5 Standalone Episodes to Rewatch
By Allie Waxman
Standalone, and standout. These are the series-defining episodes you must see.
Outside of Ray’s curmudgeonly tirade at the start of the episode, the entirety of “One Man’s Trash” takes place in the stunning Brooklyn home of an attractive 42-year-old, recently separated, doctor named Joshua. When Hannah goes to apologize for dumping Cafe Grumpy’s trash in the sexy stranger’s bins, the two end up spending a steamy 48 hours together. Not only is this episode made great by Patrick Wilson’s complex performance, but the intimacy forged between two strangers of different generations, and the sharp rug pull when they realize they exist on completely different planes, provocatively underscores Hannah’s naivety and disillusionment. After living in Joshua’s charmed bubble, Hannah states, “Please don’t tell anyone this, but I want to be happy,” as if her desire for material comfort instills shame.
In “Beach House,” the girls get together for a weekend of forced fun in the North Fork of Long Island — which is for people who find the Hamptons tacky. When they run into Elijah and his friends in town, a wrench is thrown in Marnie’s plans and the tension bubbles over. The best part of this episode is how “Marnie” Marnie is, as she tries to will the girls into having fun and reconnecting. “Like a mean, skinny Miss Hannigan,” as Elijah puts it when he invites himself and his friends to the house. When emotions peak, a drunk Shoshanna delivers what might be the most brutally honest and hilarious speech of the series — driving home the painfully honest fact that things might never be the way they were.
Finally, what we’ve all been waiting for: An almost all-Shosh episode. Who knew all Shoshanna needed to thrive was a relocation away from all her problems? This episode shows Shosh’s Japan as an adorable, glitter-filled snowglobe, only to see it burst when she is “managed out” of her job and told she needs to return home. A wounded, pink-haired Shosh uses her unemployment and uncertainty about her “kind of” boyfriend back home to flirt with her boss, Yoshi, with whom she has one final Japan adventure. The “almost-ness” of this episode is unbearable; it reinforces the unique torture of coming so close to happiness only to know it can’t last. But while Shosh does return to America in another episode, she does so with a newfound sense of independence and fight.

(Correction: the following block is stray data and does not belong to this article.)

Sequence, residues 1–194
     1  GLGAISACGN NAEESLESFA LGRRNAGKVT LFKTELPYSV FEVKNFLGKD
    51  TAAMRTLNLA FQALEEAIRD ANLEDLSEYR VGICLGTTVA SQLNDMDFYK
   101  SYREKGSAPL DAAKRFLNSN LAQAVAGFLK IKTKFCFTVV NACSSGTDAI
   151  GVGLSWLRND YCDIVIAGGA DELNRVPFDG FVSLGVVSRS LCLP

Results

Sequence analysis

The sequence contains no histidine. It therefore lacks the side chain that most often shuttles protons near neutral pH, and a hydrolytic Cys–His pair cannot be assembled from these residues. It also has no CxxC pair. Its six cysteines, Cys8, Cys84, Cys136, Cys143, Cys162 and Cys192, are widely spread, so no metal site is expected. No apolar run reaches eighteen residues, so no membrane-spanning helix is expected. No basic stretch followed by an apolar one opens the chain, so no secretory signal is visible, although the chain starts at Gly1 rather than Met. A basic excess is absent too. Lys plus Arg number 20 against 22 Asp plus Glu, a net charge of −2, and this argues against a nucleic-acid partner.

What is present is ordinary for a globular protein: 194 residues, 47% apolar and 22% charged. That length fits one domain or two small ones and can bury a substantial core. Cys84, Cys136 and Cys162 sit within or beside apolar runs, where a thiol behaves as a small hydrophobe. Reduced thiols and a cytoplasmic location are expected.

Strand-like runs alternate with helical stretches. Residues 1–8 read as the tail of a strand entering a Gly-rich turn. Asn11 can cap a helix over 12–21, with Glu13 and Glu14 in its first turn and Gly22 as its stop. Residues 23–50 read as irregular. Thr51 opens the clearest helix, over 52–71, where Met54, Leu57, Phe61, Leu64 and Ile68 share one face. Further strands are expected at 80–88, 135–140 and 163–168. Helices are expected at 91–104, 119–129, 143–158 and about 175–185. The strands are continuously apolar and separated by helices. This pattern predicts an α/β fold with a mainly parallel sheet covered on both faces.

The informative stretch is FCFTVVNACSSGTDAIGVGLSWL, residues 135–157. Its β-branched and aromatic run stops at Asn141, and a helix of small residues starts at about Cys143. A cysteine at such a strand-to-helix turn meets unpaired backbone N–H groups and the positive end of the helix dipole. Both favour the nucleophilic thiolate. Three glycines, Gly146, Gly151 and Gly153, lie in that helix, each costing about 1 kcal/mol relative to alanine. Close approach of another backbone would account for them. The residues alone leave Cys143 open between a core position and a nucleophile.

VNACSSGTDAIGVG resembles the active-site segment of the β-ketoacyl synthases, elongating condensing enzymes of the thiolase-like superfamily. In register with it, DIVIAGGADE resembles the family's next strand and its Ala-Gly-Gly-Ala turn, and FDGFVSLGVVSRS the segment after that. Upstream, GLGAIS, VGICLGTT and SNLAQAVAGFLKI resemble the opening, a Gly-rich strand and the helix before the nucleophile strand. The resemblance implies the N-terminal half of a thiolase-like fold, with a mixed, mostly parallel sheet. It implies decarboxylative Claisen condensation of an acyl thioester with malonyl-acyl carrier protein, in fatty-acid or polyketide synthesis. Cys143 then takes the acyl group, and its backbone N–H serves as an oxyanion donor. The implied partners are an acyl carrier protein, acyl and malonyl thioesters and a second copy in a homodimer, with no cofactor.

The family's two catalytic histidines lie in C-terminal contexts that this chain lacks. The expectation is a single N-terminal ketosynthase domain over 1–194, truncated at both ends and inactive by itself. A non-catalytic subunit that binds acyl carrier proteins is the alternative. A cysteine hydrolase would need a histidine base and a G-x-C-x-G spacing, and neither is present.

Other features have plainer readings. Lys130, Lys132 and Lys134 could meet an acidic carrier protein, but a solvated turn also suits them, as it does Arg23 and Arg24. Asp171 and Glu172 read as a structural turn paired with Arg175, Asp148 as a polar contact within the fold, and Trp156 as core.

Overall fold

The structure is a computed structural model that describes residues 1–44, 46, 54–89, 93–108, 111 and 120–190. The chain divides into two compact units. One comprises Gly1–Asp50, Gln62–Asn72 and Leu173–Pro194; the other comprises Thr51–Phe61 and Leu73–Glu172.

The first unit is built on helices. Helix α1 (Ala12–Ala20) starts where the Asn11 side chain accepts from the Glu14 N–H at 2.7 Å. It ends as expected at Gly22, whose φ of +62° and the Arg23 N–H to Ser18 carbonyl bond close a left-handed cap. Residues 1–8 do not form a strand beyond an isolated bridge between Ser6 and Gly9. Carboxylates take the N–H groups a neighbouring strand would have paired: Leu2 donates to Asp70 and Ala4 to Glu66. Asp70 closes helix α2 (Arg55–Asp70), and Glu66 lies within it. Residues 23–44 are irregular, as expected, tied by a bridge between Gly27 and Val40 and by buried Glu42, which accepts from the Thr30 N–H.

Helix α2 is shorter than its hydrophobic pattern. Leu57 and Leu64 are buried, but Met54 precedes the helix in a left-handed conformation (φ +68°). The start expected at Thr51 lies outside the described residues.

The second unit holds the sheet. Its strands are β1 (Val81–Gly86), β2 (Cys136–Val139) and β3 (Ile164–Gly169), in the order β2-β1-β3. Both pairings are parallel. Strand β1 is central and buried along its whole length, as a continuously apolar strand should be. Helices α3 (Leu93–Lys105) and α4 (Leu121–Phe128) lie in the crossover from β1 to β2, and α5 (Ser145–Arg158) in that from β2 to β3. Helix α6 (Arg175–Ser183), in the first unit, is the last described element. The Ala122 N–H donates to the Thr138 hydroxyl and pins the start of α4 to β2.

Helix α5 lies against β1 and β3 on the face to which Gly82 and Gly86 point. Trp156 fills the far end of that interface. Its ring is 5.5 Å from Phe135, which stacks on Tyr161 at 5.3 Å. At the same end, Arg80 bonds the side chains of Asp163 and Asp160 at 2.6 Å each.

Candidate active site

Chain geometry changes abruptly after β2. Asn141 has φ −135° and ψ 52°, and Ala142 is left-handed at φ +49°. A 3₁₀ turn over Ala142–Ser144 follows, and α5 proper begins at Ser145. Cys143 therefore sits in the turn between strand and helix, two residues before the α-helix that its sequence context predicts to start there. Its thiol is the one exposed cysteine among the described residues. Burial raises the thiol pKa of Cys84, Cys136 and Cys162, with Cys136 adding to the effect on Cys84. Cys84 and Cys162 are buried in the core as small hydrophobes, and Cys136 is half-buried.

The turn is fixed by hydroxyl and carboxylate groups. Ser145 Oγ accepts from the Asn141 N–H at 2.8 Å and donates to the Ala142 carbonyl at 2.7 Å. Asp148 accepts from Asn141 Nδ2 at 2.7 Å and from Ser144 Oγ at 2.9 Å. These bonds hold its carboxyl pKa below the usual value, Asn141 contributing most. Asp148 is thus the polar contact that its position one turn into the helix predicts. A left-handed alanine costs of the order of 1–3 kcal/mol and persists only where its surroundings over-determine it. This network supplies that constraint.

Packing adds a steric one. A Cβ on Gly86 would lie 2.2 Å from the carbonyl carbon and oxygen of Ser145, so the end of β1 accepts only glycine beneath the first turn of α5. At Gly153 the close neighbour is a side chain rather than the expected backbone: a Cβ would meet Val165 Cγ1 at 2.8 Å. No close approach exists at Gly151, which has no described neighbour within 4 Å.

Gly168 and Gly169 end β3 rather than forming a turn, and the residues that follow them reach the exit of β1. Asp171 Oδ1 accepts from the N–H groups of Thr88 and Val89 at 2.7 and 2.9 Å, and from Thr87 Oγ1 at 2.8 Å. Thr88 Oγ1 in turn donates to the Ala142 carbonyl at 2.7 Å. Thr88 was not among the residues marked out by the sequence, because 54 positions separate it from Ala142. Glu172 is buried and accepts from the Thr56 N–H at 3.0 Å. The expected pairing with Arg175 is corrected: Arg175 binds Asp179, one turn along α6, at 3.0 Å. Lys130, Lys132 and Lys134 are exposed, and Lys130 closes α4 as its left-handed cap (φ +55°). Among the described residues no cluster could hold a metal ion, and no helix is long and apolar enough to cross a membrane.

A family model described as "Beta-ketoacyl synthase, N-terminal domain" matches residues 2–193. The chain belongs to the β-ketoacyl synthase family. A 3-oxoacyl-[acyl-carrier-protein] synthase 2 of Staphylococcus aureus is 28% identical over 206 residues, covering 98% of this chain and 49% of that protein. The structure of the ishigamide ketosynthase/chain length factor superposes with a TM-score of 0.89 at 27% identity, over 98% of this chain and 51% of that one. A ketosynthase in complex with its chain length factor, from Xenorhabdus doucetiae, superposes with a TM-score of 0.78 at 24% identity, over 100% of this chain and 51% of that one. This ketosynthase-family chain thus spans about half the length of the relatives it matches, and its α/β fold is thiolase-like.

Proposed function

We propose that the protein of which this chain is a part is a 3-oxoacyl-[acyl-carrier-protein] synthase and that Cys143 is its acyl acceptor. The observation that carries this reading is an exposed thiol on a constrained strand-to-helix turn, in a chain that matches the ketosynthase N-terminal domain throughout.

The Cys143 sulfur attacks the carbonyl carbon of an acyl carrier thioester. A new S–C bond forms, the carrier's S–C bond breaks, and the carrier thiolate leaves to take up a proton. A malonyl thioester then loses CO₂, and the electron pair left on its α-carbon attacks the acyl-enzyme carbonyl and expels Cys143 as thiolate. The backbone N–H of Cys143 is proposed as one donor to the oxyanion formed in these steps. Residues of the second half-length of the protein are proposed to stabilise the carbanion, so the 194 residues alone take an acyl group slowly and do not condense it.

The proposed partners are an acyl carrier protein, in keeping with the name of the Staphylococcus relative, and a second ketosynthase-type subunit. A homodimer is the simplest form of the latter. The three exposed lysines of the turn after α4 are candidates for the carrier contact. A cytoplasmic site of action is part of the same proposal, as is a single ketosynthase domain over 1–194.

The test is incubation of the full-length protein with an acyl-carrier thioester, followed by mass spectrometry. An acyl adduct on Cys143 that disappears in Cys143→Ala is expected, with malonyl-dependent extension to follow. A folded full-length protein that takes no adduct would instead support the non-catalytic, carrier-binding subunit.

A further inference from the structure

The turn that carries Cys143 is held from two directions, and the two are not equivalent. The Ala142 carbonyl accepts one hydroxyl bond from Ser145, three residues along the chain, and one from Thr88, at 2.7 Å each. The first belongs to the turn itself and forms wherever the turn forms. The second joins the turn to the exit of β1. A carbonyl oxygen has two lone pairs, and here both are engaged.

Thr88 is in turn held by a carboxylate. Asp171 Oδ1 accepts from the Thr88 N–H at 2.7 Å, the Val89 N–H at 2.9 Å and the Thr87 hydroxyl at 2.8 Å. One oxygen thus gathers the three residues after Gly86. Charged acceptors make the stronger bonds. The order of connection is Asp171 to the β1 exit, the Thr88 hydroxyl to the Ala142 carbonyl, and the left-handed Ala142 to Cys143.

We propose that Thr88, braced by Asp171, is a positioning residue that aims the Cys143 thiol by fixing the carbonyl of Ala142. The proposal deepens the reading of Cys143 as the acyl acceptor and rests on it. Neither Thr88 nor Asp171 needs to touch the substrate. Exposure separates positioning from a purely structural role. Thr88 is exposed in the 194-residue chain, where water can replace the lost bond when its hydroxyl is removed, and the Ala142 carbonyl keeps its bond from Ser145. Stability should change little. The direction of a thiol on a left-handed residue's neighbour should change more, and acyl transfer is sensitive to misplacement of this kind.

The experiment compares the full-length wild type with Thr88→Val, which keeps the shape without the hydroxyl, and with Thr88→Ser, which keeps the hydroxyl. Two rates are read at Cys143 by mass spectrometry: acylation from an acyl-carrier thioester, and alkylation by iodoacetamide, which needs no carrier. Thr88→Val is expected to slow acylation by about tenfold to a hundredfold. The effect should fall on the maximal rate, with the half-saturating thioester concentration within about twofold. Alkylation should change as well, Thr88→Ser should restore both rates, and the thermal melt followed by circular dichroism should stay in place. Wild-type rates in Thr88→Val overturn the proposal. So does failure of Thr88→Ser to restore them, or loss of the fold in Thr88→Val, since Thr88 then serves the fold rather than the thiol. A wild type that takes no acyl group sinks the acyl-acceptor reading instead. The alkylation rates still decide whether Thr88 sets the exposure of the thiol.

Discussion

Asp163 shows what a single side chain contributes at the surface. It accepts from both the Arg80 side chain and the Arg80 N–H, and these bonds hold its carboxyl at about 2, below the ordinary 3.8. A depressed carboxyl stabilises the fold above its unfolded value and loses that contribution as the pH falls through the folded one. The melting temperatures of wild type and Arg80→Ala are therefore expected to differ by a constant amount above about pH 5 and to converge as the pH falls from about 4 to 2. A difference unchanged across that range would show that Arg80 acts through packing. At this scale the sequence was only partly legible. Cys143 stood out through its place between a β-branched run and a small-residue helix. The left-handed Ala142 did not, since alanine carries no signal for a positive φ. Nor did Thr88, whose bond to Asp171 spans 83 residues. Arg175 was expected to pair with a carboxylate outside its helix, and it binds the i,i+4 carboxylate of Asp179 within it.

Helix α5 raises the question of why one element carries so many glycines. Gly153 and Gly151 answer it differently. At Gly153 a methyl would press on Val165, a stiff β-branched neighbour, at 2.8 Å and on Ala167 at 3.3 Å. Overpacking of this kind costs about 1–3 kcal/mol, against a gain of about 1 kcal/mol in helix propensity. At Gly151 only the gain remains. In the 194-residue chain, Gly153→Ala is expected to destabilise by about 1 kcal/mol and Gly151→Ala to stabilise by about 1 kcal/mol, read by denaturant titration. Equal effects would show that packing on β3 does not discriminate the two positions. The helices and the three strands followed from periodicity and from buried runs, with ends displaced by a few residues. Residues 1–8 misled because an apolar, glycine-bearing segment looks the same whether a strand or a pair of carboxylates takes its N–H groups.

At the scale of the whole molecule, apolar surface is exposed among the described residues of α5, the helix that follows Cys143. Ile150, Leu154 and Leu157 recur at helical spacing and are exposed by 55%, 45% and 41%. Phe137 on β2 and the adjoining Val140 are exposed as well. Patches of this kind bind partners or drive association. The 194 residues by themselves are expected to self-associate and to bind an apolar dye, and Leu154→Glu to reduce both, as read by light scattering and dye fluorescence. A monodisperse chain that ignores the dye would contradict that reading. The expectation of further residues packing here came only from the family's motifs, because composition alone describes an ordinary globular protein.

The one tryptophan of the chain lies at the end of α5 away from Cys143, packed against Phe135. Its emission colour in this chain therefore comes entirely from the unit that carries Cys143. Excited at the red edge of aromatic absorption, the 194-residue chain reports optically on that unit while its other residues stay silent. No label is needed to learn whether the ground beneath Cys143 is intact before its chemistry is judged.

Combative, cold, self-centered and an example of privilege unchecked, Marnie might be the girl hardest to relate to, but the episode’s inclusion is a testament to the excellent writing and Allison Williams’ spot-on performance. In “The Panic in Central Park,” Marnie’s perfect facade becomes difficult to uphold when she realizes the mistake she made in marrying Desi. In a classic Marnie flurry of emotion, she storms out of their apartment and takes a walk, where she runs into a post-startup, hardened Charlie. In denial of her current unhappiness, Marnie follows Charlie on an adventure in his new — pretty dangerous — life as a drug dealer, relaxing the reins for once. The fantasy screeches to a halt with Marnie’s realization that Charlie has become an intravenous drug user, but propels her to “do the right thing” and end things with Desi.
It goes without saying that this episode came ahead of its time. A tense debate over the sexual power imbalance and the “gray areas” of dating, mating, and everything in between arises when Hannah visits acclaimed author, Chuck Palmer. The author — whom Hannah once admired — sets out to tell “his side” of the story after accusations of inappropriate sexual relations with college-age women. The uncomfortable, frank conversation raises the complex distinction between affirmative consent and implicit pressure from individuals in positions of power; it also finds a way to unpretentiously examine the debate over separating an artist from his work. Despite the serious subject matter, this episode sustains its humorous buoyancy which builds to a pretty appalling, but maybe humanizing, twist at the end. Watch and assess for yourself, but this is an unskippable episode, especially in the wake of #MeToo.